Ability to put and leave money in the company

As double taxation is expected in every C corporation, flexibility when it comes to shifting of income compared to S corporations and LLCs being pass-through entities is promised. Whenever there is taxation in LLCs being a pass-through entity, the members must pay their shares profits’ taxes. This must be done even if the money is retained in the company or has been distributed to the personal accounts. 

Opposing this, owners of C corporations are only taxed on the actual amount of their received dividends. Through closely working with a tax advisor, you can effectively allocate the profits of your business in a way wherein lower income tax brackets are taken advantage of. For example, if the business you own and manage is able to make a yearly profit of $90,000, you can choose if you’ll leave the $50,000 in the corporation as the profit of the corporation and $40,000 only as of the salary. 

Medicare taxes and Social security 

The members of an LLC are not considered employees. Given that, the share of profits they own is not subjected to any Medicare tax or social security. But still, the members of an LLC who works actively in the business must be paid self-employment taxes that include their share of profits and salary on their income. However, being in a corporation means that the salaries are subjected to Medicare taxes and social security. These taxes are not subjected to any distribution of profits. 

So, you need to be reminded that an LLC can be taxed being a corporation. With this situation, only the salary of members is subjected to Medicare and Social security but not profit distribution.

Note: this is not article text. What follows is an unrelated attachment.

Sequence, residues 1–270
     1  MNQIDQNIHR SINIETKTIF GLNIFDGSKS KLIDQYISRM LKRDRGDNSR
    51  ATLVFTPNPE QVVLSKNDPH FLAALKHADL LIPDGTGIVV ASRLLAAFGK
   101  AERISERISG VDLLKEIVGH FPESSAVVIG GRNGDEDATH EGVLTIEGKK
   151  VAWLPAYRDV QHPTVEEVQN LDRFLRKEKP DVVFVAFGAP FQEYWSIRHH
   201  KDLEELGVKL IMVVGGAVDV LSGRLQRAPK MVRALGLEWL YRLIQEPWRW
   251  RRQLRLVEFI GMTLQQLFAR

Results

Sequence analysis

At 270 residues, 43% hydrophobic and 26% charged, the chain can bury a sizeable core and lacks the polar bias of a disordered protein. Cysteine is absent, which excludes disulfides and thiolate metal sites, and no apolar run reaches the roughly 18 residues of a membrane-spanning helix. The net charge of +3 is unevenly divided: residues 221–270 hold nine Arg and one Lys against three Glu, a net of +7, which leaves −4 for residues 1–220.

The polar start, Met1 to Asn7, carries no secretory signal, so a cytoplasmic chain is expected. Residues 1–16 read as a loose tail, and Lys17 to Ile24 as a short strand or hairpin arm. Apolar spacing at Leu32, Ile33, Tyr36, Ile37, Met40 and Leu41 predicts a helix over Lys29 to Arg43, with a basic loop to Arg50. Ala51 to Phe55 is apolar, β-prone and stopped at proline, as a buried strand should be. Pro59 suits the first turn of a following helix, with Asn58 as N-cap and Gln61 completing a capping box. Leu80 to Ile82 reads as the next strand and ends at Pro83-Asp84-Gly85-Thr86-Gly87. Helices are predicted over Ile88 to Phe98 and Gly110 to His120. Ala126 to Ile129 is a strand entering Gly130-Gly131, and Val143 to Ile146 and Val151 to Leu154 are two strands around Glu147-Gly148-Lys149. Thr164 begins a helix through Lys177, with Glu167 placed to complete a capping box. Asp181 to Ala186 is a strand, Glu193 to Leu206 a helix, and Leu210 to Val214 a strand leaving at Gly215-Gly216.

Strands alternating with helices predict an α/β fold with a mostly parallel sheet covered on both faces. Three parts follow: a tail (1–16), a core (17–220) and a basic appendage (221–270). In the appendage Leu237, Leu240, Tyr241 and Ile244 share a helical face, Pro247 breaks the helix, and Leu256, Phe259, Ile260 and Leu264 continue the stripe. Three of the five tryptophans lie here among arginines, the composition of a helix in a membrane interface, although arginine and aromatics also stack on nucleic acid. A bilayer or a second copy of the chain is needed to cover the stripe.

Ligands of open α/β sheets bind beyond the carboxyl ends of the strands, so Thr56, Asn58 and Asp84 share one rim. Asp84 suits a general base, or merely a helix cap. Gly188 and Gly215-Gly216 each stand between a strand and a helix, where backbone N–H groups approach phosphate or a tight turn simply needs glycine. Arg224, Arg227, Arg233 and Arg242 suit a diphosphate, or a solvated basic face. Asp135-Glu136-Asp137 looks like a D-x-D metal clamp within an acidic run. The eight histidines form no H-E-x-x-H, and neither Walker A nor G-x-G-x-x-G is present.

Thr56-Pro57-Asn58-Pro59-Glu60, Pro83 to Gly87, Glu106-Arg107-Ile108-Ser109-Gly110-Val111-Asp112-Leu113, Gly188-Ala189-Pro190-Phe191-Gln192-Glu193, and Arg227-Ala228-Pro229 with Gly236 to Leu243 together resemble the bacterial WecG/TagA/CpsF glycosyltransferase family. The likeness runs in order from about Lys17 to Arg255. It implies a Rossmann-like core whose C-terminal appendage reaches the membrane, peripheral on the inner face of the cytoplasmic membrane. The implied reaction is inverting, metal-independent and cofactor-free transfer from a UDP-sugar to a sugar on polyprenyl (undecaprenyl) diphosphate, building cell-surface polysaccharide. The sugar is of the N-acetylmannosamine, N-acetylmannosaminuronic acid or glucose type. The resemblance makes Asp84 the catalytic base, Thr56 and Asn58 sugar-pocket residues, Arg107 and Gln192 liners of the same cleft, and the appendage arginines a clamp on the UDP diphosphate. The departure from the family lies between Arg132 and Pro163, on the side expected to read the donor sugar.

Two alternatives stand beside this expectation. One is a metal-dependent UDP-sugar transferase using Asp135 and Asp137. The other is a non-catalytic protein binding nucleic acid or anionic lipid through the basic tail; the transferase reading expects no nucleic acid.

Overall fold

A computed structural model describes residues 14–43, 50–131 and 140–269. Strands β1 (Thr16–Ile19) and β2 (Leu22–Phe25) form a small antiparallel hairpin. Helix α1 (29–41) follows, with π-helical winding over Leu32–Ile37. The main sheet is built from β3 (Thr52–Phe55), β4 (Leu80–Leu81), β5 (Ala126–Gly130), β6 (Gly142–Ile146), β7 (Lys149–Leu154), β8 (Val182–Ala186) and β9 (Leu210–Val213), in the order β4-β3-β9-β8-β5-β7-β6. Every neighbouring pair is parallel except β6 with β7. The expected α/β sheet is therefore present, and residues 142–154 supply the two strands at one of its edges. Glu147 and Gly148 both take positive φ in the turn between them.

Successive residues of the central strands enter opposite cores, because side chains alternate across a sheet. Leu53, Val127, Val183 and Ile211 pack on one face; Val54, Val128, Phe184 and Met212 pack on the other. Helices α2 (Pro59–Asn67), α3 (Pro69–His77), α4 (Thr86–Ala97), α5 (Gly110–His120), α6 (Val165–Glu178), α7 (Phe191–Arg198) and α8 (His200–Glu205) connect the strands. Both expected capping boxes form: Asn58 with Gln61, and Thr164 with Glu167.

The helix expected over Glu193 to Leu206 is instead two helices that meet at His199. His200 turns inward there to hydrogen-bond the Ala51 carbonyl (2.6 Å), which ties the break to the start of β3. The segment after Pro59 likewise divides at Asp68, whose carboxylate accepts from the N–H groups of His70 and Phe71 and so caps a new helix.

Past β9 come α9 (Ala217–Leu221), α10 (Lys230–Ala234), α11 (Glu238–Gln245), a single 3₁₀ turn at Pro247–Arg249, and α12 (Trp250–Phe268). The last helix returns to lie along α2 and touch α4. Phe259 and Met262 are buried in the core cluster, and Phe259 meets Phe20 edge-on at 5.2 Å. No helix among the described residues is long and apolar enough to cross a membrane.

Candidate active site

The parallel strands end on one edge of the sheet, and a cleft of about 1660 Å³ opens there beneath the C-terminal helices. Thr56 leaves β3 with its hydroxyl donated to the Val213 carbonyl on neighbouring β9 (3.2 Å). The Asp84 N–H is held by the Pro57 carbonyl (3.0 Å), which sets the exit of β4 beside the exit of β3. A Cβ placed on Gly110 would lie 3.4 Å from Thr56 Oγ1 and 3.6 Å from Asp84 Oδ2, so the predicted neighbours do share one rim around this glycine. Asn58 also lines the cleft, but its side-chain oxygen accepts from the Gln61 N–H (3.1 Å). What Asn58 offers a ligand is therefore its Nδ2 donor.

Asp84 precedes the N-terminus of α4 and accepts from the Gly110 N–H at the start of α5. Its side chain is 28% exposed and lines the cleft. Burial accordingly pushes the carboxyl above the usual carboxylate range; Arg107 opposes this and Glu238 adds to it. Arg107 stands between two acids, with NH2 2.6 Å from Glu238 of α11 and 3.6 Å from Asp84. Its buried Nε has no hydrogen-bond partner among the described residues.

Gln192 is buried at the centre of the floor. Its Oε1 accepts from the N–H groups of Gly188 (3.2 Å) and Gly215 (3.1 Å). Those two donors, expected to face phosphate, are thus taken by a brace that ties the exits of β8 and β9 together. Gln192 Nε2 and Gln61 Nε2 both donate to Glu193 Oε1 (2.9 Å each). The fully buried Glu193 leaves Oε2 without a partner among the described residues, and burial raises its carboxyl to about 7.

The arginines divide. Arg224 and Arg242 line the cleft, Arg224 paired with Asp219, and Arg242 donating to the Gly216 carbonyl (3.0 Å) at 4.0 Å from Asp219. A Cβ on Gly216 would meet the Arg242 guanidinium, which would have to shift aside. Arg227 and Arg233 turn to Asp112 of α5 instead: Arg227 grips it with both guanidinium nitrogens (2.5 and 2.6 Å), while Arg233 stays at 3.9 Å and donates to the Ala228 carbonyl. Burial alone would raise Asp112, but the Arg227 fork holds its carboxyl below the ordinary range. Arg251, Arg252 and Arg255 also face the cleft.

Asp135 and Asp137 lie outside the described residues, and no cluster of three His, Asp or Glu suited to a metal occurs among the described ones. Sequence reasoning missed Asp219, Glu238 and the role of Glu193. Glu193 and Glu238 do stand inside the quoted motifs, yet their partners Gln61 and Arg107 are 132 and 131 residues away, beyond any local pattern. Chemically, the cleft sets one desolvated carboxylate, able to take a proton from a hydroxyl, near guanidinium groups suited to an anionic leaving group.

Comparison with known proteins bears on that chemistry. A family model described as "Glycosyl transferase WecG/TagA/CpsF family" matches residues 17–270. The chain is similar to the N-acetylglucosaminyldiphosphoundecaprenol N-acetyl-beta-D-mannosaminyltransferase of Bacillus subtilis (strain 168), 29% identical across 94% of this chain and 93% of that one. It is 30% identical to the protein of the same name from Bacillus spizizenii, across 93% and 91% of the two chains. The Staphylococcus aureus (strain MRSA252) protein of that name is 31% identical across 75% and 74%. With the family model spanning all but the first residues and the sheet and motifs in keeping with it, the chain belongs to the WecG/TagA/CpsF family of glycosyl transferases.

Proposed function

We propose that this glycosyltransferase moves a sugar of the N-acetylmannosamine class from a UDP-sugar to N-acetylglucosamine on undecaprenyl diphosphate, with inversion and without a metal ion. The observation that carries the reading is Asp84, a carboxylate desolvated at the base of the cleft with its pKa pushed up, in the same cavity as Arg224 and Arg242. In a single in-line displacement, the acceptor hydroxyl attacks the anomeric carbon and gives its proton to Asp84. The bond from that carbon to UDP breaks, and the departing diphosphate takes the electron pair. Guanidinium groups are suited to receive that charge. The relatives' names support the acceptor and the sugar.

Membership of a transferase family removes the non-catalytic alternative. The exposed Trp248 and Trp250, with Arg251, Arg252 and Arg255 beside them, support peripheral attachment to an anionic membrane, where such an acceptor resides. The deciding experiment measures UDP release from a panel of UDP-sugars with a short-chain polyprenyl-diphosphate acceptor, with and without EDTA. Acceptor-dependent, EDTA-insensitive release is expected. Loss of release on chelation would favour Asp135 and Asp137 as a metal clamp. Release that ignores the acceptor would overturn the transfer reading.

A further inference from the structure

Ability to deduct loses 

Those members of an LLC who work actively in running the business are capable of deducting the operating losses of the business on their personal tax return. This is the way to offset other incomes. Also, C corporation shareholders aren’t able to deduct any losses, but being an S corporation member can. 

Benefits of the Employees

Talking about the benefits and perks of being an employee, there are several key differences between a corporation and an LLC. First, stock options, employee stock purchase plans, and retirement plans are made available only for C corporations. In addition to that, members of an LLC and even shareholders of an S corporation owning more than the business’ 2 percent must pay the taxes for an employee’s health benefits, insurance benefits, and contributions of the employer to FSAs or HSAs. Another thing, C corporation shareholders are not required to pay the mentioned benefits. 

In terms of choosing the structure, a definite, right, and wise answer does not come at all times. Hard work, patience, and true passion are the needed qualities to keep the business going. So, it is only needed that you think of your financial status, plan retirement age, and other potential sources of benefits as early as now. You need to be more financially literate and clean to enjoy the best of life.